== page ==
But some people fear that social media is more isolating. They believe that the lack of human interactions means you will become more isolated and alone. The likes, tweets, follows, and pins are truly addictive. They lead to a release of dopamine into the system, similar to that of gambling. This can cause people to stay online longer than they should, perhaps using social media as a substitute for human interaction.
The negative effects of isolation may be especially serious when it comes to adolescents and social media. According to a 2018 study, nearly every major social media platform had a negative impact on adolescents’ psychological well-being.
But the data is not entirely clear. Another study found the “loneliness” score to be rather close when comparing those use social media frequently to those who rarely or never use it: 43 is the score for those who do not use social media, vs 41 for those who often use social media.
So what’s the answer? Is social media good or bad for your loneliness?
There is nothing inherently wrong with social media, but overusing it or only using it for meaningless interactions might increase loneliness.
6. How to Use the Internet to Avoid Loneliness
Use social media as a community tool, and join communities that speak to your specific interest. Reach out to others in these groups and try to build real connections. Try to use the internet to organize real-world events. Don’t let it become a tool for isolation, but instead one for connection.
Avoid the feelings of envy associated with seeing / reading other people’s posts. People often put up a front on social media, and everything is not always as rosy as it may seem.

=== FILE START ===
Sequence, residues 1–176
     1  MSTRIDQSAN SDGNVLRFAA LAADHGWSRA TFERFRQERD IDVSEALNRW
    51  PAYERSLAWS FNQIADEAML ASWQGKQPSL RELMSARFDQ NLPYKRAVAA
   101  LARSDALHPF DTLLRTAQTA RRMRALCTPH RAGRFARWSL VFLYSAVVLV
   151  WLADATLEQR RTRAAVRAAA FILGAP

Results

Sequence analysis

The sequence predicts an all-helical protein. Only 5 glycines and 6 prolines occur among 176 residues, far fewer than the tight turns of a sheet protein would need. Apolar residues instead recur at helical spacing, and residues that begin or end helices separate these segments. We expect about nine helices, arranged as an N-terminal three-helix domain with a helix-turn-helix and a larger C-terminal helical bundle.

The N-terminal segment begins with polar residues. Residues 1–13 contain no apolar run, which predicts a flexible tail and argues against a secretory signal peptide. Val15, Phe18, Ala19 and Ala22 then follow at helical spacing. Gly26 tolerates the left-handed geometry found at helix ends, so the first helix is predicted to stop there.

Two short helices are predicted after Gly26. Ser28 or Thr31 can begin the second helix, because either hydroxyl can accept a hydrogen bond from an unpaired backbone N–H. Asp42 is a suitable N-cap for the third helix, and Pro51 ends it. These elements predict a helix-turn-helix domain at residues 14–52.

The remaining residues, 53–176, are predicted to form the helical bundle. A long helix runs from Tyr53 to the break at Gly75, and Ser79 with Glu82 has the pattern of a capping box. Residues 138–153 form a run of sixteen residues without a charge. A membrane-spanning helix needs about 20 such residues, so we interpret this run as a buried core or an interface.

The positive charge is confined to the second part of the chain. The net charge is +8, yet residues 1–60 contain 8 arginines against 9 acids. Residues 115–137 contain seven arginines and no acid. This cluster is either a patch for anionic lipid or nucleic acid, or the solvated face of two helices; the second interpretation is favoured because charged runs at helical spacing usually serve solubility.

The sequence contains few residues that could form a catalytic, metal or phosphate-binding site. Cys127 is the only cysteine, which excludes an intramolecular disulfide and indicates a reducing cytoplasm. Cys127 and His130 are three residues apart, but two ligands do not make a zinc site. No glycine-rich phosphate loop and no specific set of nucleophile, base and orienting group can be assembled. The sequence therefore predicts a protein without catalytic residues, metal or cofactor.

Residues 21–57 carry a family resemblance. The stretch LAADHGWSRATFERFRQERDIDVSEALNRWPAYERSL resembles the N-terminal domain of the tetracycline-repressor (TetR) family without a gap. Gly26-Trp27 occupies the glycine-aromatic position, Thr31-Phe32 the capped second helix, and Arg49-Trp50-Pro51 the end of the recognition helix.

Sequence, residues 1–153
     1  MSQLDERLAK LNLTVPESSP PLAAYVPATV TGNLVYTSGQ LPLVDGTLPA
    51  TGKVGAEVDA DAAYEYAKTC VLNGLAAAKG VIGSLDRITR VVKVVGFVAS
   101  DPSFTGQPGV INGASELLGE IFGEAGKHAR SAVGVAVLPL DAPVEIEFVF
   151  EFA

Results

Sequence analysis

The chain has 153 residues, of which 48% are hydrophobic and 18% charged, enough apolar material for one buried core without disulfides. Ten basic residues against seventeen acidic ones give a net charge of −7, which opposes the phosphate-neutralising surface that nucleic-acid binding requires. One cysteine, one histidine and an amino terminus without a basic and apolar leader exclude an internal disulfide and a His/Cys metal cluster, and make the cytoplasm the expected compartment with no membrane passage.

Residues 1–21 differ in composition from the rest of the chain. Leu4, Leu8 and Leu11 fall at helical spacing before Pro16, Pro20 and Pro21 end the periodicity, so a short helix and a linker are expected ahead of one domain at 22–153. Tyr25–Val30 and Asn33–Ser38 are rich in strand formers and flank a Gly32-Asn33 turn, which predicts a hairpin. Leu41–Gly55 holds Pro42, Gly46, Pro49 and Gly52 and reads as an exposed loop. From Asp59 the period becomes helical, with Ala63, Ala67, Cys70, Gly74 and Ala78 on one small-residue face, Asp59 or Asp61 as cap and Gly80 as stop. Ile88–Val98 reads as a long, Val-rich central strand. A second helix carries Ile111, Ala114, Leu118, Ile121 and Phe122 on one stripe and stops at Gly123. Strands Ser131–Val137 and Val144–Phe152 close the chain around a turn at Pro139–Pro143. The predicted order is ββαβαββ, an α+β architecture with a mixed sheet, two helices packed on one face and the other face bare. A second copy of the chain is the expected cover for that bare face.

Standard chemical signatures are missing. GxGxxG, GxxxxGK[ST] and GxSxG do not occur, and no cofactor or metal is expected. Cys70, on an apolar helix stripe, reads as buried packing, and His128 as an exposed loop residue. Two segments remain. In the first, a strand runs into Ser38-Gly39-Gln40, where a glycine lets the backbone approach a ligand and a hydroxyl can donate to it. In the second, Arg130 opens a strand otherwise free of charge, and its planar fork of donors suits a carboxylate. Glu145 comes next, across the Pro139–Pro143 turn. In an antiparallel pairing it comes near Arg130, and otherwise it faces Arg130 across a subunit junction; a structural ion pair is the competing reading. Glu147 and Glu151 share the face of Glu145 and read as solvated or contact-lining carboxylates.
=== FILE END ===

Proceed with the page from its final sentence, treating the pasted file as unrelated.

Another suggestion is to not follow your “ex” on social media. This may make you feel jealous and work to increase your feelings of isolation and depression.
Use social media in moderation. Make sure you are not avoiding spending time with people in the “real world” to hang out online. Social media time should not impact your exercise, sleep, eating well, or self-care. If you find it impacting these basic needs, you may want to take a social media “timeout.”
7. What Can You Do About Loneliness?
This is the most important part of this post. It is the part where I talk about what you can do about feeling alone
It is all about taking action.
If you just read this list and think, “that’s nice,” nothing will change with your feelings of loneliness. But if you take action on as many of these items as you can when you are feeling lonely, your feelings of isolation will surely begin to dissipate.
You do not need to feel lonely anymore!
Action steps to stop feeling alone:
- Get out of your house (this is a big one!).
- Realize you are not alone in your loneliness.
- Help someone else.
- Get a pet.
- Get more sleep.
- Talk about your work with others.
- Connect with a friend.
- Attend Meetups.
- Don’t wait for someone else to call or email—contact them first.
- Try not to eat alone at work.
- Strike up random conversations.
- Be creative: draw, write, color, or build something.